Sunday, March 28, 2010

News Briefs: March 28, 2010

Even Earlier Intervention Necessary to Curb Obesity
Eriene-Heidi Sidhom

Despite an increased push to raise awareness of obesity in schools and to educate about a healthy and nutritious lifestyle, recent studies show that interventions as early as kindergarten may still be too late. In fact important events in a baby’s early years, even while still in the mother’s womb, may predispose a child to obesity that is difficult to alter by the time the child enters kindergarten. For example, babies whose mothers smoked during pregnancy are at a higher risk of being obese as well as babies who sleep less than 12 hours. Forms of early intervention have included encouraging women to lose weight before pregnancy and breastfeeding their children. As Dr Leann L. Birch has stated, ““The idea that a big baby is a healthy baby, and a crying baby is probably a hungry baby who should be fed, are things we really need to rethink.”

Reference: Rabin, Roni Caryn. (2010, March 22). Baby Fat May Not Be So Cute After All. The New York Times. Retrieved March 28, 2010 from

Image: Available here.

Nutrition: Rise in Soda Price linked to Better Health
Namratha Rao

A recent study shows that an increase in the price of soda can lead to better health in young adults. High prices decrease soda consumption resulting in the decrease in calorie intake and weight. For example, the study showed that every 10% increase in the price of a two-liter bottle of soda let to 7% fewer calories consumed from soda as well as a drop in weight of over two pounds. However, not everyone is on board with these new taxes. Maureen L. Storey, senior vice president for science policy at the American Beverage Association, said “Taxes do not make people healthier. Making smart education decisions about diet and exercise do.”

Reference: Rabin, Roni Caryne (2010, March 15). Nutrition: Rise in Soda Price Linked to Better Health. The New York Times. Retrieved March 28, 2010 from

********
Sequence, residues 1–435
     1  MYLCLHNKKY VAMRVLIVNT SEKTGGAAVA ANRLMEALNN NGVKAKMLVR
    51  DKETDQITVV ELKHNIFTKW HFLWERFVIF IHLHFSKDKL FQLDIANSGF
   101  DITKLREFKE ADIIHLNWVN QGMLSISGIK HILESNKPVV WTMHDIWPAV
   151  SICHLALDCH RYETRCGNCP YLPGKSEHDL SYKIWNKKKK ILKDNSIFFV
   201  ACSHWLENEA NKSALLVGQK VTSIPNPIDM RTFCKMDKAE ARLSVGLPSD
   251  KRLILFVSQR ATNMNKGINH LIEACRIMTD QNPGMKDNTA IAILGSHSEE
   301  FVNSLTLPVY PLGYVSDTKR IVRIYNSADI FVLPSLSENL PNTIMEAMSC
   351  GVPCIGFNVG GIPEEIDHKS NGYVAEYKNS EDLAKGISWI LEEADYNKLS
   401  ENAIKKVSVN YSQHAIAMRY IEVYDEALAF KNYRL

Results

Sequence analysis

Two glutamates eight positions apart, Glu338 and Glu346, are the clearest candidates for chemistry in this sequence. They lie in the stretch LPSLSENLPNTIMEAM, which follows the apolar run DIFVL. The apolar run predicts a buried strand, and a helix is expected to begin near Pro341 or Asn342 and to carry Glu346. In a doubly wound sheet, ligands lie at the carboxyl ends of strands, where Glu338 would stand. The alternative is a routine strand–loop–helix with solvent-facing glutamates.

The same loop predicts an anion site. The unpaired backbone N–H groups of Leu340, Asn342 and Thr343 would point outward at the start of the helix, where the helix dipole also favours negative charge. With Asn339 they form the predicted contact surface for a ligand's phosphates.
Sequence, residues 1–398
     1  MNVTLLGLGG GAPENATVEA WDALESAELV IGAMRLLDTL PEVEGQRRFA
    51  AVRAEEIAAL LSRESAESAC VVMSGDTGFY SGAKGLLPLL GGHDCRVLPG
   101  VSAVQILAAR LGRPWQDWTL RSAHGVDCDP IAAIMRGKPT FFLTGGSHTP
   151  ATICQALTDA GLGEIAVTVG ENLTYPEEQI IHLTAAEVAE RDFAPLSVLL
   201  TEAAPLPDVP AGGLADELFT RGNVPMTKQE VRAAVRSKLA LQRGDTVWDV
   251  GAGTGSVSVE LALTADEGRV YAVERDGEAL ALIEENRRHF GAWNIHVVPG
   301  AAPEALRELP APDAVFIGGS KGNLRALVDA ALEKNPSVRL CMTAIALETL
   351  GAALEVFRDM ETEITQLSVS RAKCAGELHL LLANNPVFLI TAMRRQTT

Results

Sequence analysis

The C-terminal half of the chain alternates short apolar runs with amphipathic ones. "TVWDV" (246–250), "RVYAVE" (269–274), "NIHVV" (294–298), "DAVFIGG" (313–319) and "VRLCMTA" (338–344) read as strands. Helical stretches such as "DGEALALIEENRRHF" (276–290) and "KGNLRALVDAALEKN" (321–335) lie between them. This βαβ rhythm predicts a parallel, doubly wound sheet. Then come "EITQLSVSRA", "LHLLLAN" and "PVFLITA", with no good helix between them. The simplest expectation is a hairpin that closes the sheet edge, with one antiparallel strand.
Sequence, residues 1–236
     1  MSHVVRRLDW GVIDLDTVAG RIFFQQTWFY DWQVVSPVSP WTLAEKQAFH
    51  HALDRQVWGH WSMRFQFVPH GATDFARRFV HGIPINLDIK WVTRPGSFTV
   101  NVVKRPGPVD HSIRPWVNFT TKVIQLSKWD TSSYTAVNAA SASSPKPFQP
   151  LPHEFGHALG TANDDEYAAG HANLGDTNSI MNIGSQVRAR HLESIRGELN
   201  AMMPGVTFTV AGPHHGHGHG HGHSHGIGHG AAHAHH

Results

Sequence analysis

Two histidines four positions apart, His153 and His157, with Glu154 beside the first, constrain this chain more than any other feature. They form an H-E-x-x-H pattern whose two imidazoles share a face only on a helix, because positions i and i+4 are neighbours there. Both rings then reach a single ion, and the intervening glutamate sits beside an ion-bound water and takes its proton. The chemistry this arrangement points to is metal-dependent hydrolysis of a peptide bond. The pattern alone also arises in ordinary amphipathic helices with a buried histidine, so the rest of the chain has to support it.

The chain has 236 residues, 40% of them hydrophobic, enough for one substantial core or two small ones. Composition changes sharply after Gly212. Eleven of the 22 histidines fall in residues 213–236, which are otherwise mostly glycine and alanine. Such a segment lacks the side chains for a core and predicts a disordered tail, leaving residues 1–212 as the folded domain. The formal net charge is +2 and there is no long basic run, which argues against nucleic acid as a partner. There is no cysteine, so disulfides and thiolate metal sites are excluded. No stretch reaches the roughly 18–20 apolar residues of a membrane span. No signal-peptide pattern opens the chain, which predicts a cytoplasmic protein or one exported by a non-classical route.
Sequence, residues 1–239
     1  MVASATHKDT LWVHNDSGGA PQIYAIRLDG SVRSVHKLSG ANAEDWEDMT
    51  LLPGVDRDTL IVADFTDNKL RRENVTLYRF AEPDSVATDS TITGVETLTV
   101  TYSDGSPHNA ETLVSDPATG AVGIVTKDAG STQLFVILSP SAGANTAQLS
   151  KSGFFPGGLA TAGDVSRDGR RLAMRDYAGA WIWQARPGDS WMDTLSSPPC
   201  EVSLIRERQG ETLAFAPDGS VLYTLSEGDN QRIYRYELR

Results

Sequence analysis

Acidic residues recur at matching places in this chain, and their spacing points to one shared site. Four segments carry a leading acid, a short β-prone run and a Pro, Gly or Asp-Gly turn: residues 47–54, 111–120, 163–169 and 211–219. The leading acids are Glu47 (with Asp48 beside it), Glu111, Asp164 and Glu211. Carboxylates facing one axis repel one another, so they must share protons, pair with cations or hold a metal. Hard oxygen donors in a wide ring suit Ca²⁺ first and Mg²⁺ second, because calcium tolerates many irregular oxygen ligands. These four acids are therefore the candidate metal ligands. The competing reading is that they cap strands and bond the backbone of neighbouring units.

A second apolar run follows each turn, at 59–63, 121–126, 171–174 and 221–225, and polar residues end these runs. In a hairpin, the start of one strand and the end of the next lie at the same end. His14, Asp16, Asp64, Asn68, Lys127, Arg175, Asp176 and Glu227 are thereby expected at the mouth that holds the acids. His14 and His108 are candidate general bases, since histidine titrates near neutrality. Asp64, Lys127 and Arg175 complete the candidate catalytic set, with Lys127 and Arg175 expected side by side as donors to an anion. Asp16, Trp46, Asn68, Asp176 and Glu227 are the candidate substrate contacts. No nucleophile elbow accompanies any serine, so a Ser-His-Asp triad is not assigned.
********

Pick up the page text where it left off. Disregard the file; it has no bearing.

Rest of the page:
Rising Prevalence of Multidrug-Resistance Tuberculosis
Kanupriya Tewari

A report released by the World Health Organization this week states that “the percentage of tuberculosis cases around the world resistant to two standard drugs remains low - about 4 percent - but is three to six times as high in the vast area that once encompassed the Soviet Union”. The WHO report is based on information from 114 countries. Statistics demonstrate that in the Russian Arctic city of Murmansk, 28 percent of new TB cases in 2008 were "multidrug-resistant" (MDR) and that in the Central Asian nations of Kazakhstan and Tajikistan, the rates of MDR-TB were 25 and 17 percent, respectively. "We knew that it was serious, but we are reporting increasing levels that we thought were not possible before," said Mario C. Raviglione, director of the WHO Stop TB Department. However, a point to be noted is that because testing for TB drug resistance is not uniformly carried out and is not even done in some countries it cannot be substantiated whether the problem is getting worse or better.

This increase in MDR-TB may be due to factors like the collapse of the Soviet Union which caused a definite decline in the quality of TB treatment. Also, many patients were treated with limited drugs, which may have lead to the development of resistant strains (MDR-TB), which has caused the rates in Eastern Europe and Central Asia to be much higher than other regions of the world. However, nearly half of all MDR-TB cases occur in China and India because those countries have so many overall TB cases.